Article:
Malaysia: Mass Transit Project a ‘Game Changer’

Hadi Azmi
2017.01.26
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A girl joins her parents for a ride on the MRT train, Jan. 14, 2017. [HadiAzmi/BenarNews]

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An MRT train approaches the Semantan station with the Kuala Lumpur skyline in the background, Jan. 14, 2017. [HadiAzmi/BenarNews]

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The Sungai Buloh-Kajang line follows Jalan Damansara, one of the busiest roads around Kuala Lumpur, Jan. 14, 2017. [HadiAzmi/BenarNews]

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A family takes advantage of the first month of free service on the train, Jan. 14, 2017. [HadiAzmi/BenarNews]

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A worker takes a break at the under-construction Tun Razak Exchange station, set to be launched in July, Jan. 14, 2017. [HadiAzmi/BenarNews]

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The Kuala Lumpur Central station will be connected with the MRT service in July. [HadiAzmi/BenarNews]

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An MRT train approaches the Pusat Bandar Damansara station, Jan. 14, 2017. [HadiAzmi/BenarNews]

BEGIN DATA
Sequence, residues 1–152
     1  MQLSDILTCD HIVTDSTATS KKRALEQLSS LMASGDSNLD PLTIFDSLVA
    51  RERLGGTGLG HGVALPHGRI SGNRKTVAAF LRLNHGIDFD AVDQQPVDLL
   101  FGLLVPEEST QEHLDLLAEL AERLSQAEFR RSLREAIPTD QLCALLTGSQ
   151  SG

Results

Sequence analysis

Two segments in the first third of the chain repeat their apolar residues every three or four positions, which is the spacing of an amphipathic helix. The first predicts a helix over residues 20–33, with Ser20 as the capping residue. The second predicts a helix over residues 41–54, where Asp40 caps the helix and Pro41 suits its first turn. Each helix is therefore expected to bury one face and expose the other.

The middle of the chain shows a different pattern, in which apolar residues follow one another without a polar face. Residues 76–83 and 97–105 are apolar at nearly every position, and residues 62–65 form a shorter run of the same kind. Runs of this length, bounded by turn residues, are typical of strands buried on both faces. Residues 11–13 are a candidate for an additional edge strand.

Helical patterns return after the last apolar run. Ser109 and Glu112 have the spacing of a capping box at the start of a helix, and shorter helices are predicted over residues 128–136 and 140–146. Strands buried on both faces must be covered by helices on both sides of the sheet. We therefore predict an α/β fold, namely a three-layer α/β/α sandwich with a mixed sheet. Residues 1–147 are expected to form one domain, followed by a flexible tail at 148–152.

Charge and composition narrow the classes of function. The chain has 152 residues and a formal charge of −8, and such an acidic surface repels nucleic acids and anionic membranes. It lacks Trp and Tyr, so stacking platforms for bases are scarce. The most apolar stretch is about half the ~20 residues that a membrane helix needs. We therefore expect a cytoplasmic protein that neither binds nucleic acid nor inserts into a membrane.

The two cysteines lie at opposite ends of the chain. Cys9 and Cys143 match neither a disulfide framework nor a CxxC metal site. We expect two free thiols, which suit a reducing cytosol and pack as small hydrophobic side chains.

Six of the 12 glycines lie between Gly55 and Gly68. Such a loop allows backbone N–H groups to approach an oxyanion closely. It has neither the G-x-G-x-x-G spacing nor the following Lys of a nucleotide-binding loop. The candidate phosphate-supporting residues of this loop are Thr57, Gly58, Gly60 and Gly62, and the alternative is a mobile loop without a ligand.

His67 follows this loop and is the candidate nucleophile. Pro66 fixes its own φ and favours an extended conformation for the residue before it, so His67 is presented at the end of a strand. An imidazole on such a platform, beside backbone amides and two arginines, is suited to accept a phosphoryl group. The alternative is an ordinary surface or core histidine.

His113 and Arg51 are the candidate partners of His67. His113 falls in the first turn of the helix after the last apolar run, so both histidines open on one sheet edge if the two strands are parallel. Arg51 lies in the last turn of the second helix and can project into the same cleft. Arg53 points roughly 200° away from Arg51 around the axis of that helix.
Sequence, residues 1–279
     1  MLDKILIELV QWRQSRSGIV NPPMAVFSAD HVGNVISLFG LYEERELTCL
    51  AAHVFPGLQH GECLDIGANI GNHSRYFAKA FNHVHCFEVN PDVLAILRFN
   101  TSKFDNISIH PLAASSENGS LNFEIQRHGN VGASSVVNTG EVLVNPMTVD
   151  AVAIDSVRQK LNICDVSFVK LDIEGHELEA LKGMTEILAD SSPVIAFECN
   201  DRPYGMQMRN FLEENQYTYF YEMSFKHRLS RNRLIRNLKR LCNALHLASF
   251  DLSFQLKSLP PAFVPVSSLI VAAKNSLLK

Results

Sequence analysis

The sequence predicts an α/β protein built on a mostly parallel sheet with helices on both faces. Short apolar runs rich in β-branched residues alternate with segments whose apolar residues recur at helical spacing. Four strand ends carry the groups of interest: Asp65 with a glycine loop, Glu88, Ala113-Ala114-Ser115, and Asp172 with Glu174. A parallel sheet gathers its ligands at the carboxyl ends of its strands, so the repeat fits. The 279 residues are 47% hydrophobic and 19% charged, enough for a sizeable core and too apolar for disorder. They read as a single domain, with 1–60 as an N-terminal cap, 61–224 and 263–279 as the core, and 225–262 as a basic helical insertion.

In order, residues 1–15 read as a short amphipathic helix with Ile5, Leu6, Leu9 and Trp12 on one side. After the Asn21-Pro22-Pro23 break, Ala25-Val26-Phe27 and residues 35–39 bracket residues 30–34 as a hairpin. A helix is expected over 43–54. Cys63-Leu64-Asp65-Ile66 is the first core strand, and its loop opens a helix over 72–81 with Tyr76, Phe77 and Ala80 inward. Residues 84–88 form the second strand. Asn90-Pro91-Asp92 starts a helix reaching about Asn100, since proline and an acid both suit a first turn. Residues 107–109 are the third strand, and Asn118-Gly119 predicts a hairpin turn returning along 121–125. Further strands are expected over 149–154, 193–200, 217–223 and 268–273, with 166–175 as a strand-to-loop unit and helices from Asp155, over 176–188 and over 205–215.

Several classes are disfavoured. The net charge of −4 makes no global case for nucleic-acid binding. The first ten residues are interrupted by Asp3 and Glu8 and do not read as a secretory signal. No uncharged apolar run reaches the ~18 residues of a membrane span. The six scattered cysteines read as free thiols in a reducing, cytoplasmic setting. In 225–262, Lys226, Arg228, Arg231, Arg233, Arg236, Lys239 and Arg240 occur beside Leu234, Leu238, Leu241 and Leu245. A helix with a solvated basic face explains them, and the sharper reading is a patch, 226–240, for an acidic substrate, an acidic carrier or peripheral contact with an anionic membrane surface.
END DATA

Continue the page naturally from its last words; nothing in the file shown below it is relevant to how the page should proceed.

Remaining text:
The new Sungai Buloh-Kajang (SBK) line of the Mass Rail Transit (MRT) system, which serves the Kuala Lumpur area, opened to the public in mid-December, offering free rides during its first month of operation.

The first MRT line serving the suburbs of Kuala Lumpur connects the township of Sungai Buloh in northern Klang Valley to the town of Kajang in the southeast. MRT officials expect that some 400,000 people will ride the line every day.

After five years of construction, Prime Minister Najib Razak hailed the mega transport project as a “game changer” and Malaysia’s most modern transport system, when launching it on Dec. 15.

Twelve stations scattered along 21 km (13 miles) are operational and serviced by 120 feeder buses over 26 routes. The second phase, which covers 30 km (18.6 miles) involving 19 stations from Semantan to Kajang, is expected to be up and running by July 31. Total cost of this portion of the project is estimated at 21 billion ringgit (U.S. $4.7 billion)

“It’s actually cool to see the traffic jam from above rather than being in it. It gives us more time for other things,” Danil Roslan, a resident of Petaling Jaya, told BenarNews.

“It proves that public transport is not just for the lower income sector and is actually necessary for everyone,” Bangsar resident Amy Choo said.

A second project, the Sungai Buloh-Serdang-Putrajaya Line covering 52.2 km (32.4 miles), is expected to begin carrying riders in 2021. When complete, it is expected to carry 529,000 riders per day. Estimated cost for this project is 32 billion ringgit ($7.2 billion).

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